All of this makes perfect sense from a biocentric perspective. Everything we perceive is actively and repeatedly being reconstructed inside our heads in an organized whirl of information. Time in this sense can be defined as the summation of spatial states occurring inside the mind. So what is real? If the next mental image is different from the last, then it is different, period. We can award that change with the word time, but that does not mean there is an actual invisible matrix in which changes occur. That is just our own way of making sense of things. We watch our loved ones age and die and assume that an external entity called time is responsible for the crime.
There is a peculiar intangibility to space, as well. We cannot pick it up and bring it to the laboratory. Like time, space is neither physical nor fundamentally real in our view. Rather, it is a mode of interpretation and understanding. It is part of an animal’s mental software that molds sensations into multidimensional objects.
Most of us still think like Newton, regarding space as sort of a vast container that has no walls. But our notion of space is false. Shall we count the ways? 1. Distances between objects mutate depending on conditions like gravity and velocity, as described by Einstein’s relativity, so that there is no absolute distance between anything and anything else. 2. Empty space, as described by quantum mechanics, is in fact not empty but full of potential particles and fields. 3. Quantum theory even casts doubt on the notion that distant objects are truly separated, since entangled particles can act in unison even if separated by the width of a galaxy.
INFORMATION– CONSCIOUSNESS–REALITY James B. Glattfelder page 531
The first crazy idea is that consciousness is fundamental. Physicists sometimes take some aspects of the universe as fundamental building blocks: space and time and mass. They postulate fundamental laws governing them, like the laws of gravity or of quantum mechanics. These fundamental properties and laws aren’t explained in terms of anything more basic. Rather, they’re taken as primitive, and you build up the world from there. Now sometimes, the list of fundamentals expands. In the 19th century, Maxwell figured out that you can’t explain electromagnetic phenomena in terms of the existing fundamentals—space, time, mass, Newton’s laws—so he postulated fundamental laws of electromagnetism and postulated electric charge as a fundamental element that those laws govern. I think that’s the situation we’re in with consciousness. If you can’t explain consciousness in terms of the existing fundamentals—space, time, mass, charge—then as a matter of logic, you need to expand the list. The natural thing to do is to postulate consciousness itself as something fundamental, a fundamental building block of nature. This doesn’t mean you suddenly can’t do science with it. This opens up the way for you to do science with it. […]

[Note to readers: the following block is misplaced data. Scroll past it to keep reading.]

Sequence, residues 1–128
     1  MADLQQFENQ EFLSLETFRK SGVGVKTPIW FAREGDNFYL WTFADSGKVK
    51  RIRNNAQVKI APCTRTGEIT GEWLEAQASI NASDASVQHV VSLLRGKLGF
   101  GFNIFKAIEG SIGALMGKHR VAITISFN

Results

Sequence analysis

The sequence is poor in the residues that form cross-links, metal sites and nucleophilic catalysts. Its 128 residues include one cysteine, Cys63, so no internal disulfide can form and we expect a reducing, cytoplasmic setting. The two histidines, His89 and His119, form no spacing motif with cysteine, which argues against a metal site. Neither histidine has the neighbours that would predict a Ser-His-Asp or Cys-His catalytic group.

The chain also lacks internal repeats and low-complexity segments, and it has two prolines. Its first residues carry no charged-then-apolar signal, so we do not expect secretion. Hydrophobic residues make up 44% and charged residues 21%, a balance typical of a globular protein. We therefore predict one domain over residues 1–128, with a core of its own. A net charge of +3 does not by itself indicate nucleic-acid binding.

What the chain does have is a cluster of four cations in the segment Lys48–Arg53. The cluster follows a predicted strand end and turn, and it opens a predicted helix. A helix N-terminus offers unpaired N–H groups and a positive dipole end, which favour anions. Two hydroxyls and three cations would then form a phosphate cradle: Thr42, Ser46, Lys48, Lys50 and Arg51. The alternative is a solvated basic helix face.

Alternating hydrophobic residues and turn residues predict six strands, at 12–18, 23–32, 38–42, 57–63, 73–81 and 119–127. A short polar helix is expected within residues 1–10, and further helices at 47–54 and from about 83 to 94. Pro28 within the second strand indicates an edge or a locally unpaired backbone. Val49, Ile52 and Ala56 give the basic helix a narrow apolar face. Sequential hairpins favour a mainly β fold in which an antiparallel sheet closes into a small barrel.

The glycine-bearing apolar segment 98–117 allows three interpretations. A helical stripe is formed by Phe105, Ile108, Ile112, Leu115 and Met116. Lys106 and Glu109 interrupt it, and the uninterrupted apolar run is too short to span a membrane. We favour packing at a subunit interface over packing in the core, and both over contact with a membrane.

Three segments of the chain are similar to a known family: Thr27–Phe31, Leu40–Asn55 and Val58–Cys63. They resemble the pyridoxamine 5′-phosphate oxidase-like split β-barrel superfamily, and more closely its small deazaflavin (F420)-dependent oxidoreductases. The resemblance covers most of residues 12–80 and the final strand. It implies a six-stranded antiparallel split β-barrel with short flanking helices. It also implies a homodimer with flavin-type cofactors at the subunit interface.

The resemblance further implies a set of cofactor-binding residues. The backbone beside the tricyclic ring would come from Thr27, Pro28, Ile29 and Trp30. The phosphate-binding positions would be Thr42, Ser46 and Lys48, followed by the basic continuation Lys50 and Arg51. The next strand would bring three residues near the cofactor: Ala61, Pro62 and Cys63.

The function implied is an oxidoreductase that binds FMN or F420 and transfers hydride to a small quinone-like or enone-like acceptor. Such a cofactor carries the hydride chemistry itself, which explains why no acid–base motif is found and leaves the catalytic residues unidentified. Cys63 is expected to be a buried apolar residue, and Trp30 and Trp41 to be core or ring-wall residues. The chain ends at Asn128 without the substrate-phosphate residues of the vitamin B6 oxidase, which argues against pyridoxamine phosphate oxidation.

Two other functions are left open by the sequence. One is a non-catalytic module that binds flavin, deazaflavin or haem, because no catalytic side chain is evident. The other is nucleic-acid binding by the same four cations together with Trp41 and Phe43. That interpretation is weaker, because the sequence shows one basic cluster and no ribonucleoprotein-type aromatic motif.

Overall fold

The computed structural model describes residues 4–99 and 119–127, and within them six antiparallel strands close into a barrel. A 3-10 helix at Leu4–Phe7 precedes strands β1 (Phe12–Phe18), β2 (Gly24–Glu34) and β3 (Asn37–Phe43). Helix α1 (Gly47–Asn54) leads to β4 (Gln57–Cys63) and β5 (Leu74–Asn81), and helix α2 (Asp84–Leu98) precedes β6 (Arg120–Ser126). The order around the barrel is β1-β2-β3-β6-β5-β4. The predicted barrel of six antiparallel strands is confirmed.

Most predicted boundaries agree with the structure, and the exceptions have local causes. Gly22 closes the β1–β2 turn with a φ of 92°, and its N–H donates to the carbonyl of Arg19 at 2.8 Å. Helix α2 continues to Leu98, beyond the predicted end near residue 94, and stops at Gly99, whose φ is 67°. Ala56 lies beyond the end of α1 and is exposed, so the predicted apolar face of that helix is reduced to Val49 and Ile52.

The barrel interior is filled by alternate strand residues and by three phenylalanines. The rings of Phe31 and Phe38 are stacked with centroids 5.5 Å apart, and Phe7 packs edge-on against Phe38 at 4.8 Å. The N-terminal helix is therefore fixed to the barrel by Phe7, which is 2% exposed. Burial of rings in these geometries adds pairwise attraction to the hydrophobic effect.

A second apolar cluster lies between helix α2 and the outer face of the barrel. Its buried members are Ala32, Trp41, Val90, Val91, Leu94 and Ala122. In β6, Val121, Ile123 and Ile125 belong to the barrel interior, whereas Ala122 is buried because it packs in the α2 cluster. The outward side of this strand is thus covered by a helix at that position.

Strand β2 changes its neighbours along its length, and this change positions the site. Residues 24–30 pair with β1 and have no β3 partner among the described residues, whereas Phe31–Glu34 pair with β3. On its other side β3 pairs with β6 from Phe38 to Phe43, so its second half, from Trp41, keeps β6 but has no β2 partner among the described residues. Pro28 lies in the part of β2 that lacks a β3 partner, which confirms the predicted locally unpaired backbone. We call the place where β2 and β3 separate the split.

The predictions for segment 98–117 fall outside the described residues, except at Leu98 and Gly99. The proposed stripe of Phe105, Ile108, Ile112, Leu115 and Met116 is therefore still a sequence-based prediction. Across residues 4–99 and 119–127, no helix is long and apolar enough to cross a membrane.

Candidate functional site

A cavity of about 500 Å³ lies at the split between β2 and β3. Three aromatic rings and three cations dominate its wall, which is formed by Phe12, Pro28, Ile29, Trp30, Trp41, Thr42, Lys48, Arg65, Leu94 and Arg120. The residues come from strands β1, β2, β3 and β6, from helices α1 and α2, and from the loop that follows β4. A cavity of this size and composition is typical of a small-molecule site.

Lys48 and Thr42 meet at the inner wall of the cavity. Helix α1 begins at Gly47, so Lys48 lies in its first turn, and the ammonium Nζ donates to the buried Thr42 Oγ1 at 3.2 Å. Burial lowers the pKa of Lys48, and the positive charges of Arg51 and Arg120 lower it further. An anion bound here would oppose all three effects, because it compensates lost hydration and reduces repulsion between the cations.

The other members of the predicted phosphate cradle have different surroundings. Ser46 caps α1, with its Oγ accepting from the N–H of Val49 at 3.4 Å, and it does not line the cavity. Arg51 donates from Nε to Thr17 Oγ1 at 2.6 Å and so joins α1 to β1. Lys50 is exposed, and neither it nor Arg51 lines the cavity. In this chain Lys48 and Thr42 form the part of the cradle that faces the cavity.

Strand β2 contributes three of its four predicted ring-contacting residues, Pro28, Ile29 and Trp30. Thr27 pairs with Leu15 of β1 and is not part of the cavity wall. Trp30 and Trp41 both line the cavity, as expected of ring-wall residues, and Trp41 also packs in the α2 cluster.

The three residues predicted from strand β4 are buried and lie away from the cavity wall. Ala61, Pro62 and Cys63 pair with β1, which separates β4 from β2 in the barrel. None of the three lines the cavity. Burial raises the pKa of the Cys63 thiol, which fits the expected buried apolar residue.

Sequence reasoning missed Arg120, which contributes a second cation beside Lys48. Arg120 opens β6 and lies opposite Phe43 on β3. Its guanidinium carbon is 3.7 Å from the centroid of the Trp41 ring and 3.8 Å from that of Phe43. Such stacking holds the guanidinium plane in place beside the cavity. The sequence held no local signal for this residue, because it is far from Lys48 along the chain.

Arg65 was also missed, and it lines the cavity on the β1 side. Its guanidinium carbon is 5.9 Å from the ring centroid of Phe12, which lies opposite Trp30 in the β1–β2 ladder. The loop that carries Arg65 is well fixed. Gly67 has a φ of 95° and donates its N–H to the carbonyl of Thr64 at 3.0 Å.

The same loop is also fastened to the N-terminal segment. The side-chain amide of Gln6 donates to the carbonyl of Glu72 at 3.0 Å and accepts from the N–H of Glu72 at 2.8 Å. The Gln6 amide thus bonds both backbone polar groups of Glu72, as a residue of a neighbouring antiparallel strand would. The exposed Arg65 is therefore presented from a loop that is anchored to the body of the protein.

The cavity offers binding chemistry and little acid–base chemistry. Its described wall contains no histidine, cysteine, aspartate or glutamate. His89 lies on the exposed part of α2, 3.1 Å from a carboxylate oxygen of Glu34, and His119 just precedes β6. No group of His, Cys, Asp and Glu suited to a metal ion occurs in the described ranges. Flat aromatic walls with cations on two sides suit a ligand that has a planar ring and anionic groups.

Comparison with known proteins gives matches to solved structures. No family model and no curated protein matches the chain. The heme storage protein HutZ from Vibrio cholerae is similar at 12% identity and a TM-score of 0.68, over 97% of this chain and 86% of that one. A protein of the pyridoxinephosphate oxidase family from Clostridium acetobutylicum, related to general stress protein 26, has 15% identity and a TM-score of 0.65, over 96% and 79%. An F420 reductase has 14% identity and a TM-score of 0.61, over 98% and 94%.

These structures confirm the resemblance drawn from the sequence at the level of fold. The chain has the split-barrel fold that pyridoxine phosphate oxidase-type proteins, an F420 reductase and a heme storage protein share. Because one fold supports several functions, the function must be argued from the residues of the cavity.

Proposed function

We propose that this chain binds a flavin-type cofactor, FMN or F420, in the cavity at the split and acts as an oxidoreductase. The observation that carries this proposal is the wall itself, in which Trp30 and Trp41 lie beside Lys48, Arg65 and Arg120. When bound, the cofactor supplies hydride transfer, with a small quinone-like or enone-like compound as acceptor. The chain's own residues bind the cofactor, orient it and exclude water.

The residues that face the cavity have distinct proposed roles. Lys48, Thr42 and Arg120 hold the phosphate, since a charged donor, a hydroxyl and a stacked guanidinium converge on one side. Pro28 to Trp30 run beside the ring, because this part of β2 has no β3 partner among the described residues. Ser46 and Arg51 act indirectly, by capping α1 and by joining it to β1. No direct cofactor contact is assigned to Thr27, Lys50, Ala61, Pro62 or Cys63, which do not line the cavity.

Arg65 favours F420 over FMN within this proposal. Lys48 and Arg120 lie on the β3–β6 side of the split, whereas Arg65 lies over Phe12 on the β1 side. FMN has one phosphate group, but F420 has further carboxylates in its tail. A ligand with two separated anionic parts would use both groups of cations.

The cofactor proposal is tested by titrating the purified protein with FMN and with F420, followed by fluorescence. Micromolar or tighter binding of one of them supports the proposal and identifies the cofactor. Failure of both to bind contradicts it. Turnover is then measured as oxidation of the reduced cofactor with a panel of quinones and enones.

A deeper motivation comes from the idea that perhaps the most simple and powerful way to find fundamental laws connecting consciousness to physical processing is to link consciousness to information. Wherever there’s information processing, there’s consciousness. Complex information processing, like in a human, complex consciousness. Simple information processing, simple consciousness.
Physicists and philosophers have often observed that physics is curiously abstract. It describes the structure of reality using a bunch of equations, but it doesn’t tell us about the reality that underlies it. As Stephen Hawking puts it, what puts the fire into the equations? That’s what physics really is ultimately doing, describing the flux of consciousness. On this view, it’s consciousness that puts the fire into the equations.
1. DECODING REALITY THE UNIVERSE AS QUANTUM INFORMATION VLATKO VEDRAL